The recent clinical studies about dietary supplements have been largely negative, important reminders that most supplements can’t deliver on the expectations that patients have for them.

Given this bleak background, I wanted to share with you some good news about Coenzyme Q10 (CoQ10). The Medical Letter, one of the best unbiased sources of reviews of medical studies, reviewed CoQ10 in last week’s issue. Since the article is available only by subscription, I briefly review it for you below.

CoQ10 is an antioxidant involved in cellular energy metabolism in mitochondria, the cell’s power plant. As a dietary supplement, it has been suggested for many uses, many of which have not been tested rigorously. The following are the uses of CoQ10 listed in the article that have been shown to be effective in randomized trials:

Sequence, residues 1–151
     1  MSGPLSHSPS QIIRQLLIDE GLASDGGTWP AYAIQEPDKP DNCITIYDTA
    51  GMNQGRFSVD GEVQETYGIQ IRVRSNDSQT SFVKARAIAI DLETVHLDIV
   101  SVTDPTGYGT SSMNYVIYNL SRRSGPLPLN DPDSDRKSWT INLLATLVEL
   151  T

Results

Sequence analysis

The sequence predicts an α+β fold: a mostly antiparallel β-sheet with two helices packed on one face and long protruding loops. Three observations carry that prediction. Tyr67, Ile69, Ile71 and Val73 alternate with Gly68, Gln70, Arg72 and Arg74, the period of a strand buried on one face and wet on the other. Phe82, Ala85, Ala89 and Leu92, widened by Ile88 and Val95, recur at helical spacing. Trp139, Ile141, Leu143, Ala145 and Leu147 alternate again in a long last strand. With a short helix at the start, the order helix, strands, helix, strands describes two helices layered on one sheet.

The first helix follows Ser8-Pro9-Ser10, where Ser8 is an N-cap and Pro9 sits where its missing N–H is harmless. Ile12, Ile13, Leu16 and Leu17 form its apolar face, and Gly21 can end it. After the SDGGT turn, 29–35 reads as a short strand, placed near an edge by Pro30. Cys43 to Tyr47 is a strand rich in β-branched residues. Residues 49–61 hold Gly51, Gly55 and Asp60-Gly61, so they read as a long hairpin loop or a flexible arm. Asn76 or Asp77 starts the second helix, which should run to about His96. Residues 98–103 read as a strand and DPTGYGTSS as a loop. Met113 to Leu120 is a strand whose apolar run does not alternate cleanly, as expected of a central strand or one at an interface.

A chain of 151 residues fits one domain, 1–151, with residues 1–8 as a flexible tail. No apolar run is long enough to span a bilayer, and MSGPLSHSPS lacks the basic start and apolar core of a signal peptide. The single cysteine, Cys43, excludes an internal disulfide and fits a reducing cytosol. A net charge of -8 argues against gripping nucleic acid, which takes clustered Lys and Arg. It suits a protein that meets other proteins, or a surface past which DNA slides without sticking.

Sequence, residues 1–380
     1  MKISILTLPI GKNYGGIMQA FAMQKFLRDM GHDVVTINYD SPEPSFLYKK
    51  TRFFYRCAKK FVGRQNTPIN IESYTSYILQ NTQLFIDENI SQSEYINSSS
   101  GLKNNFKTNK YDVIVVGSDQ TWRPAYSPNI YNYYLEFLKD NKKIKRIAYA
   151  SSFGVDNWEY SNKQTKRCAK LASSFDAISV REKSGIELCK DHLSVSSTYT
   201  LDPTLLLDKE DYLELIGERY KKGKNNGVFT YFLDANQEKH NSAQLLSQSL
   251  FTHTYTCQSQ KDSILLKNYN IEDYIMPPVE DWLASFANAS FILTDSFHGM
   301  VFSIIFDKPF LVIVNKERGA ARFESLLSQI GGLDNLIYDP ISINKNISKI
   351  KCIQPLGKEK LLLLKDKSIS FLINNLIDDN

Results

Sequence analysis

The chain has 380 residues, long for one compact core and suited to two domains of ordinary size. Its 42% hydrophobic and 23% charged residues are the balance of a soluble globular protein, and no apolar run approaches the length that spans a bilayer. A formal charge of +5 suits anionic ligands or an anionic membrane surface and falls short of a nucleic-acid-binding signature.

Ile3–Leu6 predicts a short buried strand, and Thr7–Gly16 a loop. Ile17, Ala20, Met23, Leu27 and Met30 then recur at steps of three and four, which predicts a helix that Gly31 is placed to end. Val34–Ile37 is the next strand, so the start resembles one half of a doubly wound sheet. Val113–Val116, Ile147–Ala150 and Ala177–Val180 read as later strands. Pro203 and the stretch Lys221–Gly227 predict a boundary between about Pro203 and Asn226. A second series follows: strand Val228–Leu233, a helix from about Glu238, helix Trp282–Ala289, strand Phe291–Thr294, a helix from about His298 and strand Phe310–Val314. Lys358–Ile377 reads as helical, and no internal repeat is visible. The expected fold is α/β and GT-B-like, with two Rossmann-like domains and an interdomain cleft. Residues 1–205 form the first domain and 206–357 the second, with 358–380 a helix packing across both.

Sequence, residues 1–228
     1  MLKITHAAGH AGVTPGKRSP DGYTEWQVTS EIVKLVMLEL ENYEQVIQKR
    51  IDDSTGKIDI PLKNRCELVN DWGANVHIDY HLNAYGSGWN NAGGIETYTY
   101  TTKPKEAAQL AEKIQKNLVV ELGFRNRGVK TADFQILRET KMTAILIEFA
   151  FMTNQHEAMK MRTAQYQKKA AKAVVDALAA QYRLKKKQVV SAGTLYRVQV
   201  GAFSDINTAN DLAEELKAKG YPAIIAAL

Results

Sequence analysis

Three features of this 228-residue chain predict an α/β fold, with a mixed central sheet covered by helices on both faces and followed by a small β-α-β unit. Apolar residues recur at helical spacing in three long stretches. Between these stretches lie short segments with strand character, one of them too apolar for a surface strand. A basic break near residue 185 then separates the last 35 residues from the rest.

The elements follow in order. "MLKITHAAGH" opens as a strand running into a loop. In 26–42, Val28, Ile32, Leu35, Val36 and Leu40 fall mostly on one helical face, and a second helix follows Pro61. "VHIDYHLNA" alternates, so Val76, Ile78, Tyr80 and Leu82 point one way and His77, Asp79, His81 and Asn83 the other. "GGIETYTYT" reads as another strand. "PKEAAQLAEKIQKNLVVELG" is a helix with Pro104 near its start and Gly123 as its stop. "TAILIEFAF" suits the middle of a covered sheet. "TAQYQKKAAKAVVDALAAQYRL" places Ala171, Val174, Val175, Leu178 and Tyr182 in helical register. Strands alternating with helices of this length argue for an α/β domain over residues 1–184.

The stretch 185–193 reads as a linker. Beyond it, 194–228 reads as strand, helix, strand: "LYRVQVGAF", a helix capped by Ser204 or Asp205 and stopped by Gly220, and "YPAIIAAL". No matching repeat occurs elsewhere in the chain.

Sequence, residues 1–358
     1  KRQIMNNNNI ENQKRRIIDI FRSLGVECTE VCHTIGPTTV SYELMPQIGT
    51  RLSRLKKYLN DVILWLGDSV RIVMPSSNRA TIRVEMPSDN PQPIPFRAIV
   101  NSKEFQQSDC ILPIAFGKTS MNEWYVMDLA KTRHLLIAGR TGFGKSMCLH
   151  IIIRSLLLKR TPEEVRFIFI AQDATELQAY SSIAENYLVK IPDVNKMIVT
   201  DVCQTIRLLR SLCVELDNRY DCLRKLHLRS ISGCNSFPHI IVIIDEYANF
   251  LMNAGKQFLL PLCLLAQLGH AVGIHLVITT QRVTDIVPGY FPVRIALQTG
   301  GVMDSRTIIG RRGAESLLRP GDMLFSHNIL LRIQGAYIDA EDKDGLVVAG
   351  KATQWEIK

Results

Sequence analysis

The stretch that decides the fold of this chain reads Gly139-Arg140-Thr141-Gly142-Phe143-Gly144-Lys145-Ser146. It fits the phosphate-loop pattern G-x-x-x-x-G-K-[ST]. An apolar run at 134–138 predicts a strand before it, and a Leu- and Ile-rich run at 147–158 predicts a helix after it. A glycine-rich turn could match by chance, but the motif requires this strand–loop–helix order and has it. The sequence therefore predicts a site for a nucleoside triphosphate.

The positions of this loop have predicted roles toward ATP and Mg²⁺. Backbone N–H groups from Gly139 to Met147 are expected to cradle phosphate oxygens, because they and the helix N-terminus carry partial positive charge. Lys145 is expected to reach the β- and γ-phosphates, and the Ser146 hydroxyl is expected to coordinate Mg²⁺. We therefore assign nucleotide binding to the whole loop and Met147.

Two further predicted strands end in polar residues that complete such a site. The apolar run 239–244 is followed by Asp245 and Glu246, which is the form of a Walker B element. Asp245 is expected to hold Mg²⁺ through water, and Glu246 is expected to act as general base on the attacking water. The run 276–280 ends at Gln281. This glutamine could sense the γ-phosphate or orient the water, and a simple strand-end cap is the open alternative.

• CoQ10 is helpful in the early stages of Parkinson’s disease.
  • In patients with migraines, CoQ10 decreased the frequency of attacks and the duration of headaches.
  • In patients with chronic renal failure, CoQ10 improved renal function and, in some patients, decreased the need for dialysis.

The article also cited many more conditions in which CoQ10 was shown not to be helpful, or in which the studies were small, not randomized, inconclusive, or are ongoing. These conditions include congestive heart failure, hypertension, diabetes, drug abuse, ALS, Huntington’s disease and decreasing side effects of other medications. I would not recommend CoQ10 for any of these conditions until more evidence is found.

Finally, CoQ10 has been demonstrated to be safe in large studies, with no serious or bothersome adverse effects.